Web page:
On Thursday, Major League Baseball’s Winter Meetings concluded with the Rule 5 Draft. During the course of the four-day long meetings, over $500 million in contracts were given out and 79 players changed teams. The Milwaukee Brewers, however? They didn’t do a darn thing.
During a time when the Cubs and Pirates made significant moves to help their rosters for next season (in addition to the Cardinals-Braves blockbuster in November), the Brewers stood pat, seemingly content with the roster they have. The Brewers were one of only five teams that did not add a single player, and they are the only one of those teams that is coming off of a season where they spent 150 games in first place and failed to miss the playoffs.
Coming off of the extreme disappointment of last season, the Brewers need to figure out a way to win in 2015. With six players likely heading into free agency after this year, this could be the last hurrah for this core roster group before a rebuild could begin. This needs to be an “all-in” season. Ron Roenicke and Doug Melvin’s jobs are likely tied to the results of this year, and it certainly doesn’t feel as though they are acting like it.
The Brewers don’t need a lot to really solidify their team and push them over the top to the playoffs next year. Insisting the Scooter Gennett play against left-handed pitching is not one of them. The kid hit .103/.125/.128 against them last season. I get the whole “he can’t learn if he doesn’t play argument,” but why can’t he wait until 2016 to learn? There are so many platoon options on the market!
Emilio Bonifacio would be a perfect fit on this team. He hit .365/.411/.548 against lefties last year, and has a .291/.340/.380 career line against southpaws, the perfect partner for Scooter. He’s a switch-hitter who can provide tremendous versatility off the bench, which is an area the Brewers really struggled with last season. Bonifacio is a slick fielder that rated above average at all three outfield positions, second base, and third base according to UZR/150 last season, and he can play shortstop as well (although his defensive marks are less favorable). As a utility player, Bonifacio could likely be had for somewhere between $3-$4 mil per year, perhaps on a two year deal. He would be a tremendous addition.
There’s talk, however, that money could be tight. How about finding a suitor for Gerardo Parra? Parra is pegged at $6.4 mil by MLB Trade Rumors in his final run through arbitration, a pretty high price for a fourth outfielder. The Reds, Royals, and White Sox are all in the market for outfielders, with the Sox putting a specific premium on defense. No doubt the former Gold Glover Parra could be a good fit in any one of those outfields. Yovani Gallardo and Kyle Lohse are on expiring deals, and we have six viable starting pitcher options. It’s almost certain a team would be willing to make a deal for one of them.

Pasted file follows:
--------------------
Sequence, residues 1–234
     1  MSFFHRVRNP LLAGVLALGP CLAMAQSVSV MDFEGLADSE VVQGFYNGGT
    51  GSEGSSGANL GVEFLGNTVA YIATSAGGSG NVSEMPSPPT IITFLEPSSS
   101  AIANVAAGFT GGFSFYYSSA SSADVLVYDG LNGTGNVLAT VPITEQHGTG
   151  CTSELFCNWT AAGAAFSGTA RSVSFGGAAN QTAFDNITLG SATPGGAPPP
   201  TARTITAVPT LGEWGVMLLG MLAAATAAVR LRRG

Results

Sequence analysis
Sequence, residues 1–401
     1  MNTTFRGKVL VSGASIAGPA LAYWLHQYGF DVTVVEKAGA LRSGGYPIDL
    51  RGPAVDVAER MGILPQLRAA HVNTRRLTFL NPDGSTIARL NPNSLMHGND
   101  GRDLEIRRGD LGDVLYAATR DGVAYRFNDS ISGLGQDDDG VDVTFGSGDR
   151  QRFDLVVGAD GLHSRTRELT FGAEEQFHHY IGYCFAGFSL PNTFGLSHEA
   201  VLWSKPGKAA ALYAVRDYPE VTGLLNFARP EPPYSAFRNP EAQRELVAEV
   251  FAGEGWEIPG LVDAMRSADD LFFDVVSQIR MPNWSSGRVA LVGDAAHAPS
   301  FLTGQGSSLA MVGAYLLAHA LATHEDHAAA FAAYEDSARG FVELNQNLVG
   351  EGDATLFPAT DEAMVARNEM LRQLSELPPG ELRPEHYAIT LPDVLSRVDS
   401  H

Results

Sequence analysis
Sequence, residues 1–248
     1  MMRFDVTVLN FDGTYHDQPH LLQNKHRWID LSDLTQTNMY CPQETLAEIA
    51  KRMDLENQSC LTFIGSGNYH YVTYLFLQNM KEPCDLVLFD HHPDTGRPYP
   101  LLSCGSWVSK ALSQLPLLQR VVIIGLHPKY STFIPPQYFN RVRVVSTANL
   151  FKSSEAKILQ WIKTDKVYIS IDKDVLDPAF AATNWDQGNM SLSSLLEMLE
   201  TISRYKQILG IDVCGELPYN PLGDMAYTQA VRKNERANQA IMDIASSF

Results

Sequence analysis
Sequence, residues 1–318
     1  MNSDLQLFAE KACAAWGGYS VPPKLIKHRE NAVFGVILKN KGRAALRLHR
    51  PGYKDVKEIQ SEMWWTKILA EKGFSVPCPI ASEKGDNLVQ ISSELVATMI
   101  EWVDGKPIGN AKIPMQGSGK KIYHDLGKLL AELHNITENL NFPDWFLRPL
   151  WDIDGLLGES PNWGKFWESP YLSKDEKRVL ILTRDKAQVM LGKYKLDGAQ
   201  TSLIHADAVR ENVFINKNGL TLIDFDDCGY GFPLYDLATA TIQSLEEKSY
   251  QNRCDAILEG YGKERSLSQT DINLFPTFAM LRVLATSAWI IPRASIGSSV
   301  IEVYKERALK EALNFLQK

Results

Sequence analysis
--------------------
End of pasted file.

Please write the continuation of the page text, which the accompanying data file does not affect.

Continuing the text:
Doug Melvin seems to insist the team’s offensive personnel are fine. With the team losing Rickie Weeks, Lyle Overbay, Mark Reynolds, and Jeff Bianchi, the remainder of the Brewers bench combined for 0.2 WAR and a pinch hitting average of .180. While Roenicke seems high on waiver claim Luis Jimenez, he has a 1.3% walk rate in the 151 at bats in the majors and 4.5% in a six year minor league career. He hit .162 in 41 at bats last year, but figures to get significant at bats this year at first, third, and maybe even second. There’s a reason the Angels cut him loose. A championship team should have a proven, veteran bench.
Melvin is convinced that the team’s only need is relief pitching. He didn’t add a single reliever, however. While top rated arms like Andrew Miller and David Robertson ended up out of the Brewers price range, the Brewers could have at least checked in on guys like Pat Neshek, Luke Gregerson, Sergio Romo, etc. Even when the Brewers turn came up in the Rule 5 Draft, with players like Logan Verrett still available, the Brewers declined to make a pick. They could’ve brought someone into the fold for a miniscule financial commitment, someone to at least compete for a spot. They have taken players in the past and returned them. Why not take a low risk, high reward flier on someone? While it may be true that there have been relief bargains found late in the offseason previously, this team should be more aggressive to improve on a bullpen that was 15th in baseball in ERA, had the second highest home run percentage, and ranked 20th overall with a measly 1.9 WAR. The Brewers even admitted how that their meetings were so quiet that they didn’t generate one single rumor. Should that be acceptable?
Look, 2015 is going to be the last decent chance the Brewers might have for awhile. After the bitterly disappointing end to last season, this team should be taking a more aggressive approach to win it all. While the Lind trade was nice, there needs to be more. It’s so plain to see what the Brewers need to become about as complete a team as one can be. It’s nothing major, really. It’s not a blockbuster trade or a $100 mil free agent. A utility infielder that hits lefties well, a 1B/3B type that hits lefties well, and some solid relief pitching (another lefty for certain) will push the Brewers over the edge. It’s simple, Doug. Take some action!
Statistics courtesy of Baseball Reference and Fangraphs